• Absolutely agree Piero! I think this need for end of course happy sheet feedback doesn’t help either. So much of the environment is based on bums on seats and 5/5 happy sheet feedback that it’s difficult to concentrate on real long term learning. I’ve just taken on the lead for PGR development in the faculty and I know I need to make changes but it’s going to take a while to figure out what to do and how to achieve it!

  2. I think it is possible to create the conditions for risk-taking, support and reflection in any training context. If I’m putting together something new I explicitly include these into the design. I have to model these behaviours up front as well. If I’m out on a limb I can honestly and authentically invite participants to join me. I can also ask them for support and, by asking questions, prompt reflection.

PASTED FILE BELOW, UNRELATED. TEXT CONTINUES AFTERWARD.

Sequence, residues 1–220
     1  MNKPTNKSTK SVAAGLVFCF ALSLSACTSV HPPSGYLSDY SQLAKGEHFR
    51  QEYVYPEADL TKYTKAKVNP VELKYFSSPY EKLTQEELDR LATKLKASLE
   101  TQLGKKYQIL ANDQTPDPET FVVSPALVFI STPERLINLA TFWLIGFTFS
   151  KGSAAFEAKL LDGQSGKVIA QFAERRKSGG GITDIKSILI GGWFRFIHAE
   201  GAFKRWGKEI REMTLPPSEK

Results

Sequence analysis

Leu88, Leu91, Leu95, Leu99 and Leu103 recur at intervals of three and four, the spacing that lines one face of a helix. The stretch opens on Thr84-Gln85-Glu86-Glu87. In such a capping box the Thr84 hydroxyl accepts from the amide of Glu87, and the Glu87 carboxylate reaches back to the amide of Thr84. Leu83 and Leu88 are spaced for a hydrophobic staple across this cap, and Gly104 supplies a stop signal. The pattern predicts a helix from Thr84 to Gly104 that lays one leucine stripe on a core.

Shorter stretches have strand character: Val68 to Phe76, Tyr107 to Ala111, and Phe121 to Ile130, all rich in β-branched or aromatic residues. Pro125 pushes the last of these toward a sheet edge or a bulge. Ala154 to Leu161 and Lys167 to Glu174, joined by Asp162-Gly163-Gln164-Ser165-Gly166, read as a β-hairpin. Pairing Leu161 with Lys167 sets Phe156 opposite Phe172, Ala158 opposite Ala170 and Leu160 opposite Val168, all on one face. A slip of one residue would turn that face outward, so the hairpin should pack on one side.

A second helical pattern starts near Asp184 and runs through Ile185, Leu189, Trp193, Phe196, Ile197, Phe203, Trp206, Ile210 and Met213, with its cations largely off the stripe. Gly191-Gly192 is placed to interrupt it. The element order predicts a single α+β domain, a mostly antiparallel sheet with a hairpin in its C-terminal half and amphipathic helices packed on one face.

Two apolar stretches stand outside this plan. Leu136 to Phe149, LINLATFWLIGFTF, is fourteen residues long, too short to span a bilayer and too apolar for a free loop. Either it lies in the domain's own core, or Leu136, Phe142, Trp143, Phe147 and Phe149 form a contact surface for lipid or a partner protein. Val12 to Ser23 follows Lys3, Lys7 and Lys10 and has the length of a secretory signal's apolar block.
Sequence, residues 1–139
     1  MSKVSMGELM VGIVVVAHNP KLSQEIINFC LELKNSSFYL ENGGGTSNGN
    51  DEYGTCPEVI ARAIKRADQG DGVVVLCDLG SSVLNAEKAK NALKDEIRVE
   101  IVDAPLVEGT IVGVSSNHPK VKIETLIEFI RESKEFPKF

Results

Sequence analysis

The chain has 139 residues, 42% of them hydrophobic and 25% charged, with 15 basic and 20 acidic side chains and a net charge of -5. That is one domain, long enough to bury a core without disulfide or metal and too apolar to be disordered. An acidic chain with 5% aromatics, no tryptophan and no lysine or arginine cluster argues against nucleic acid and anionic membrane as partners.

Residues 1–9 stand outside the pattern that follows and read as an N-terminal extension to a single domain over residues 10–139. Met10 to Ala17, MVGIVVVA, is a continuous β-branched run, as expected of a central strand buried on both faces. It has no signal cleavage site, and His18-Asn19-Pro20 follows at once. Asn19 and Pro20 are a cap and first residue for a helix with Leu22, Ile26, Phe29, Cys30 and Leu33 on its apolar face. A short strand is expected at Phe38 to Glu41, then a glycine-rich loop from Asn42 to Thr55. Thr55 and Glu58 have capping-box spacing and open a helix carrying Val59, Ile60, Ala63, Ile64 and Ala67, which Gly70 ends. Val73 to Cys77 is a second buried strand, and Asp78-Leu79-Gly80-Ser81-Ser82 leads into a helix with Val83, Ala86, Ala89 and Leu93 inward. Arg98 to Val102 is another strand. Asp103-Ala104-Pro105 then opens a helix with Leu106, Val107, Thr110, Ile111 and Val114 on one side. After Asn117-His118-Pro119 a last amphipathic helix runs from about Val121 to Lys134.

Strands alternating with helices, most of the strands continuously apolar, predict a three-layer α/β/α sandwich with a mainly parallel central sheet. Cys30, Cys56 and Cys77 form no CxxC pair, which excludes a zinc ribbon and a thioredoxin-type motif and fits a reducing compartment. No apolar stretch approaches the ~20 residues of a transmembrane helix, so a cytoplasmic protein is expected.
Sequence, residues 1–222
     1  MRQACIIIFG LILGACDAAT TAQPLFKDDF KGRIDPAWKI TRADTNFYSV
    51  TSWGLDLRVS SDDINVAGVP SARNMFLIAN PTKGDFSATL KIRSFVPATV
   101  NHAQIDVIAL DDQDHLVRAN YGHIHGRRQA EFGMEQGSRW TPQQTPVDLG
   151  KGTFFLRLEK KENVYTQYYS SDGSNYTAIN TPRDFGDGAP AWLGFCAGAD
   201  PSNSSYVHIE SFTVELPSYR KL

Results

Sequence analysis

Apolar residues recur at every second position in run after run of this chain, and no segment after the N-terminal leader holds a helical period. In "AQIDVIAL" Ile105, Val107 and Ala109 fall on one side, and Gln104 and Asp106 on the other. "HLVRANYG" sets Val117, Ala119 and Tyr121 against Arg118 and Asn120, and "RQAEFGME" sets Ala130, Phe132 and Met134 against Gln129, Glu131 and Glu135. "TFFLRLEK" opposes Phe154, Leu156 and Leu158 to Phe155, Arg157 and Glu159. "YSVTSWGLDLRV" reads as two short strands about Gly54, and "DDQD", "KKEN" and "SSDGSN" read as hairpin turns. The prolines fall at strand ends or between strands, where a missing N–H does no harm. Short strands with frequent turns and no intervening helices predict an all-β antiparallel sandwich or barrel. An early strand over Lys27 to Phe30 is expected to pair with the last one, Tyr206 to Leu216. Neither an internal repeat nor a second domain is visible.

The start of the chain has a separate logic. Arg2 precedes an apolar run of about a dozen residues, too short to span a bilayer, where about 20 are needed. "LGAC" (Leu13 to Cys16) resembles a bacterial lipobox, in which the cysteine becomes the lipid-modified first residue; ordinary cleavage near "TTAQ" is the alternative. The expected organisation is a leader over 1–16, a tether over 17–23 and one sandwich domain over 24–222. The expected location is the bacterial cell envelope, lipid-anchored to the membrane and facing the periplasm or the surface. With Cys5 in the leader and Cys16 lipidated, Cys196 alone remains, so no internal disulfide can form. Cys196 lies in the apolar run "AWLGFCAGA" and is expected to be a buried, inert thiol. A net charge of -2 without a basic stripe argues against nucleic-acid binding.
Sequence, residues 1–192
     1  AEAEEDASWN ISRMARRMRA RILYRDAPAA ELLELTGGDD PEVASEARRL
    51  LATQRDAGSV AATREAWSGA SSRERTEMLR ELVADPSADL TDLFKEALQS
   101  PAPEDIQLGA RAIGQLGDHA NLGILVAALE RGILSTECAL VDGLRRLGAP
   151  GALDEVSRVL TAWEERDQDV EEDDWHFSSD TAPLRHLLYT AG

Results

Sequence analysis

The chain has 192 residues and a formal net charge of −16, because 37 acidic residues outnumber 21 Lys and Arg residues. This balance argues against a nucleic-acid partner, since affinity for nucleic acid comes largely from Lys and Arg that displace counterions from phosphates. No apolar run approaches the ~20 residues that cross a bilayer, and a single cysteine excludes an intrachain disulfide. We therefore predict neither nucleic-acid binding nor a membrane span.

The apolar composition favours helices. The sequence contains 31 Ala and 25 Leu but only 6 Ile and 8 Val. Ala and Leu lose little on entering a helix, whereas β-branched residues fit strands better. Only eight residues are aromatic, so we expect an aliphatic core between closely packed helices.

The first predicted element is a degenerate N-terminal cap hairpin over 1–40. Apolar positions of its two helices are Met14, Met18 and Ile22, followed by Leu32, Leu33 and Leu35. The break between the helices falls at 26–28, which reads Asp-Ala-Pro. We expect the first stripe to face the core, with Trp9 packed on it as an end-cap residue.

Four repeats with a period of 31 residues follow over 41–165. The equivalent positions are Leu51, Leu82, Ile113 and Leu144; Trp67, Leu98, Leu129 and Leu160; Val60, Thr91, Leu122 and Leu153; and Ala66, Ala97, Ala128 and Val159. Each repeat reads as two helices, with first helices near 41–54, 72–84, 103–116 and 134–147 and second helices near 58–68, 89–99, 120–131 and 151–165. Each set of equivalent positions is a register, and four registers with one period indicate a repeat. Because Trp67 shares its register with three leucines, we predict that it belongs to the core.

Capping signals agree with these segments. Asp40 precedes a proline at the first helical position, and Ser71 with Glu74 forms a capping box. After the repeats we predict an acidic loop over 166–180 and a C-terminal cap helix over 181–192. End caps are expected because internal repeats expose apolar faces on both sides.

So, for example, if I’m re-running a session I’ve run a dozen times before I’m minimising the risk that it’ll all go horribly wrong. Consequently theres no sense of risk and I wouldn’t feel comfortable in that situation to ask participants to do anything they might perceive as being risky. But if I’m trying something new, moving things around, in a new environment, risking failure and humiliation myself then that energy will be in the space. I find that in those circumstances I’m much more confident about inviting them to take a risk too.

    In terms of what does offer the right balance of risk, support and reflection I think the national grads have been getting this right for a very long time. Everyone is placed in unfamiliar surroundings, away from the routines and people who define them. Under a variety of circumstances and minor pressures individuals expose themselves to various kinds of risk, while depending on strangers for support. Processes are reflected upon regularly. Insight is almost guaranteed. It is a perfect model. I just wish it were a more widely available opportunity.